Some praise for RawTherapee features by Mark Metternich

I just came across this new video by the well known professional landscape photographer Mark Metternich, who is known for his high-end processing techniques.
He only seems to make use of the capture sharpening and lanczos based upsizing feature, but he seems blown away, to say the least :smiley:

Okay, this was… Interesting. And pretty much garbage.

Let me preface this by saying that I already was sceptical about anyone who claims RT has “the best” upsizing algo. But boy, after 10 minutes or so of the video I just had to stop watching to take in what is going on. Also, he starts of by saying this is an extremely short video… Well, 30 minutes isn’t particularly short. But hey, I’m commuting so I have time.

Content wise, there is too much unfounded opinion in this video. He claims the internet contains misleading and useless information about pretty much everything (algorithms, their quality, proper testing methods), but he does nothing to properly educate his audience. Instead, he just skips over these criticisms and continues by presenting his opinion as truth.
And then there are claims that a certain monitor pixel pitch is ideal for viewing detail? What the hell? No context whatsoever, no explanation either.

I mean, he doesn’t even acknowledge the fundamental issue with upsizing: creating information out of “nothing” and doing some smart interpolation. He also fails to mention sinc interpolation, which is technically the optimal solution (if I am not mistaken).

The he starts his RT explanation by highlighting a bug. Great start. His explanation of turning tools on is helpful, but calling it quirky is not. Then he mistakes post-process sharpening with capture sharpening, but mentioned deconvolution and bashes Adobe’s Detail slider, pretty much in the same sentence. Uhm, what should I take away from that?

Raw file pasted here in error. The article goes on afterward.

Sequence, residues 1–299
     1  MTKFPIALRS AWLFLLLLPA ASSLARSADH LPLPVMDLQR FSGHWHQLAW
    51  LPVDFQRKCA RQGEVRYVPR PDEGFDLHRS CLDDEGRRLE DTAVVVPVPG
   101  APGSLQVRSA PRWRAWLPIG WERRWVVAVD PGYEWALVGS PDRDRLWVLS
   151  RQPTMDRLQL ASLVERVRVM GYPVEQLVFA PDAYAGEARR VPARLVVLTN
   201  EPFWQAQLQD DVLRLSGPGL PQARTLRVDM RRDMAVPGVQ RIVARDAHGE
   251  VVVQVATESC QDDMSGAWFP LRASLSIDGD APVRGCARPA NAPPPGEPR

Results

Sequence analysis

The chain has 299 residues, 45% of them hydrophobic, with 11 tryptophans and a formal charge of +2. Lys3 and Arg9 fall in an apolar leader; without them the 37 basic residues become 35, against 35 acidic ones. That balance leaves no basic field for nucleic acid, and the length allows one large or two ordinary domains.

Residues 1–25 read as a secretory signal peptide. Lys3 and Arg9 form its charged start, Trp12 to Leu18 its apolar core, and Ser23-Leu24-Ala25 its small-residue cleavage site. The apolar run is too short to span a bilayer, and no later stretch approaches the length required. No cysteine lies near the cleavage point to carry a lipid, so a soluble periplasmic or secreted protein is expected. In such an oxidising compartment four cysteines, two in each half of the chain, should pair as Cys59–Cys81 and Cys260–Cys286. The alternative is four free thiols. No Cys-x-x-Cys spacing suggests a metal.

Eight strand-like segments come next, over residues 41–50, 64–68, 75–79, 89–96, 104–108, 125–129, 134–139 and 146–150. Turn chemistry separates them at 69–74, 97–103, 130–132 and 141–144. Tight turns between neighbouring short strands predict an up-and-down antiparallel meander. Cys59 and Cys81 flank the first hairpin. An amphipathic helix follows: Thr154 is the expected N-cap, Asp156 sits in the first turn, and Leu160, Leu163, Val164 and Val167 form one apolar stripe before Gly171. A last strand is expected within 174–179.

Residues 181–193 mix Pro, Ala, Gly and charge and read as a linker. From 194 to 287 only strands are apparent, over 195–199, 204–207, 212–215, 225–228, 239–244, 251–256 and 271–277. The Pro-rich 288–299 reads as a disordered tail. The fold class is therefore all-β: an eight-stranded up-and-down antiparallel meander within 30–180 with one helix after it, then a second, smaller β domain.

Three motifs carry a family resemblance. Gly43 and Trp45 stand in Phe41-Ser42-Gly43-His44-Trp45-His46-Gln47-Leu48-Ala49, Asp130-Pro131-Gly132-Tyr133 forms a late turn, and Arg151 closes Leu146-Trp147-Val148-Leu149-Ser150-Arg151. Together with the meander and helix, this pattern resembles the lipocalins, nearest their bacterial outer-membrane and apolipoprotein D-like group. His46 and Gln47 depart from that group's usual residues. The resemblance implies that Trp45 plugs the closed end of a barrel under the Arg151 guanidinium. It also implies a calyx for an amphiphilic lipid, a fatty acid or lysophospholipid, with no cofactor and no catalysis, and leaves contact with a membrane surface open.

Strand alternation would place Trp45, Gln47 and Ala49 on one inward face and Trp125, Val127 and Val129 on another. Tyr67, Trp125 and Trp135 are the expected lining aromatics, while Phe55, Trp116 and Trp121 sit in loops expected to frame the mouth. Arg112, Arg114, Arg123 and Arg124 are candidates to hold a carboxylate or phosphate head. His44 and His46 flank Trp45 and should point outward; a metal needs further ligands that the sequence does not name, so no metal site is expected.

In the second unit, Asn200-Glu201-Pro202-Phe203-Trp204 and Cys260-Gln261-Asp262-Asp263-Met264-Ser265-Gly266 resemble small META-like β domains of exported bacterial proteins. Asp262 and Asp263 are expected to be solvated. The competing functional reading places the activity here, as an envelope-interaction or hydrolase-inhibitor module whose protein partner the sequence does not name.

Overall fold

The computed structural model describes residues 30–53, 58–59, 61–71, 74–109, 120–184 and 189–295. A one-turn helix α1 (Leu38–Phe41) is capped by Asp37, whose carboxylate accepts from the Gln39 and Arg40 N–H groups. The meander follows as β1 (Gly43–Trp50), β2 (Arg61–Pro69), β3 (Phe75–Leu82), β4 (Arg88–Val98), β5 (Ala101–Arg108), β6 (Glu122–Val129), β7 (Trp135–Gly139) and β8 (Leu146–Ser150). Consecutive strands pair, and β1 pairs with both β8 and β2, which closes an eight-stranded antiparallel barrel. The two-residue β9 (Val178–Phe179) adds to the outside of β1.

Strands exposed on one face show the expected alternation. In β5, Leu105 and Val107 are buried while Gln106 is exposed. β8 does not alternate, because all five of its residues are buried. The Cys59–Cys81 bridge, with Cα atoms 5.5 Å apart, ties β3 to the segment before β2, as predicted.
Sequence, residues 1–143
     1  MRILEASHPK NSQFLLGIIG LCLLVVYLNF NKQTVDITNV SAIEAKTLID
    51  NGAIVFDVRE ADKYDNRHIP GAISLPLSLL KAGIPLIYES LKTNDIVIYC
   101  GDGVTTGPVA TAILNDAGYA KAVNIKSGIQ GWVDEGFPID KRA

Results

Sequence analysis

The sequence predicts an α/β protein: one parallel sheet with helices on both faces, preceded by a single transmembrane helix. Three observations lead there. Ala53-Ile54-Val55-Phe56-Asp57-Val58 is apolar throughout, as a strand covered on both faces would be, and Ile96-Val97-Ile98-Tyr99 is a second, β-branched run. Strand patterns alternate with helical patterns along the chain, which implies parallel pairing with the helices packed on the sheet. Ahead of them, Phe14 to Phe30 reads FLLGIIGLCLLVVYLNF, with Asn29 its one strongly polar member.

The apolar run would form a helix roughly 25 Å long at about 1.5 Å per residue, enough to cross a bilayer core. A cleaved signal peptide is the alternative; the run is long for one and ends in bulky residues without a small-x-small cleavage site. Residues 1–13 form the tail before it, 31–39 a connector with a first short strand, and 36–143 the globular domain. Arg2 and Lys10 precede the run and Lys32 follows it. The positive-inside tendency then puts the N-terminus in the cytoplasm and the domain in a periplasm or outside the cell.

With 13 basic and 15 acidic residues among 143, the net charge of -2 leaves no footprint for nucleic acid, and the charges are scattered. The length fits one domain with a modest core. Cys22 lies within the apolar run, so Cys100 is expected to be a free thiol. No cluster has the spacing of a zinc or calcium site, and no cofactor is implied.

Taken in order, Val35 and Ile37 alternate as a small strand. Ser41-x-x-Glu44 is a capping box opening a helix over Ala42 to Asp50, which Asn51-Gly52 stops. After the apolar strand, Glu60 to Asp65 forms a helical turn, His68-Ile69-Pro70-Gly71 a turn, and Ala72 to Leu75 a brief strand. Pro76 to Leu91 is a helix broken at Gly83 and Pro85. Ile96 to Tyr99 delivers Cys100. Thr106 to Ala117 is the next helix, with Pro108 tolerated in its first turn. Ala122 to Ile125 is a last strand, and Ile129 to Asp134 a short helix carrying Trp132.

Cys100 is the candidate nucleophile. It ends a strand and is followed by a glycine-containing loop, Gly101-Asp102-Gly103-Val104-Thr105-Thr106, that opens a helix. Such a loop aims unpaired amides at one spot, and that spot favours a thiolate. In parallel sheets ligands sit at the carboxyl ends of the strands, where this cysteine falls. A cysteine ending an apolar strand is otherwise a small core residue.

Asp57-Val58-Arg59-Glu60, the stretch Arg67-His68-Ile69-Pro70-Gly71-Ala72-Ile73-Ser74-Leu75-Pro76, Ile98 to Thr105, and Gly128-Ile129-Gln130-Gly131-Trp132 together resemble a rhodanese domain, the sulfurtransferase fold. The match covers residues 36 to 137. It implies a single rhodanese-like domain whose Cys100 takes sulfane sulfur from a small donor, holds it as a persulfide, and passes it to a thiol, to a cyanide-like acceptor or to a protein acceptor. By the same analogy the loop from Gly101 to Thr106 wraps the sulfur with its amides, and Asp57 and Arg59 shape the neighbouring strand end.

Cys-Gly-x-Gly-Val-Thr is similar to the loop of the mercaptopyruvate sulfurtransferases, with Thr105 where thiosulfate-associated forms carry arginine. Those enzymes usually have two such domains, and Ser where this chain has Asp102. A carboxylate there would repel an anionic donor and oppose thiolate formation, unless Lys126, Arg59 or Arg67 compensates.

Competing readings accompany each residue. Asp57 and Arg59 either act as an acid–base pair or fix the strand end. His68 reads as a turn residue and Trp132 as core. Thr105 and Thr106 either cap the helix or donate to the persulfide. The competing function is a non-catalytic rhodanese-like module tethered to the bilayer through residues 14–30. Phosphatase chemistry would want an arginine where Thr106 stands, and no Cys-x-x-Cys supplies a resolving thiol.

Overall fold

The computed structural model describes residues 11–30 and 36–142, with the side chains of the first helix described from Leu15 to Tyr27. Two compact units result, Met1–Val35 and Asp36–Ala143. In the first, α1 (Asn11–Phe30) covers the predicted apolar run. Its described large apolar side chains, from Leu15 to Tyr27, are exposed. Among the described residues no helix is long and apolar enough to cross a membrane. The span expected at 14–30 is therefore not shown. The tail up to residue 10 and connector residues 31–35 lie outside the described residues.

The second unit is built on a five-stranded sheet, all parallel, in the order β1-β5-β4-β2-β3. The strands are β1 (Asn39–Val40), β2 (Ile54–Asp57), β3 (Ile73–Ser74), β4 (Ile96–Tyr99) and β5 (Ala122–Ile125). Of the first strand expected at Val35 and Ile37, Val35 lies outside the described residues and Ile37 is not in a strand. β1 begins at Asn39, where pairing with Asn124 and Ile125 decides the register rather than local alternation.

Then it completely breaks down when he insists on changing the Working profile setting. He does not understand three things: that RT internally works with linear rgb data, that the working profile setting in 5.8 is not doing what is says, and that the sharpening algorithms in general should never, ever (edit: okay, maybe sometimes) be applied on nonlinear data to prevent haloing and artefacts (see the lengthy discussion here Quick question on RT Richardson–Lucy implementation for example).

He is also equating quality to processing time. Which really isn’t always the case, especially if you’re using RT on macOS with an M1 for which the software isn’t really optimized.

The final comparison part I just skipped. His claims about seeing more detail by pixel peeping at max zoom, while simultaneously intending to print the thing at 60 inches high makes zero logical sense. The viewing conditions are completely different, as is the perception of detail. Pixel differences do not tell you about that.

All in all, I’m happy this guy likes the (pretty generic) Lancsoz upsizing algorithm in RT. And he shoots great photos. But his knowledge of image processing and so on is severely compromised and should certainly not be taken as authorative imo.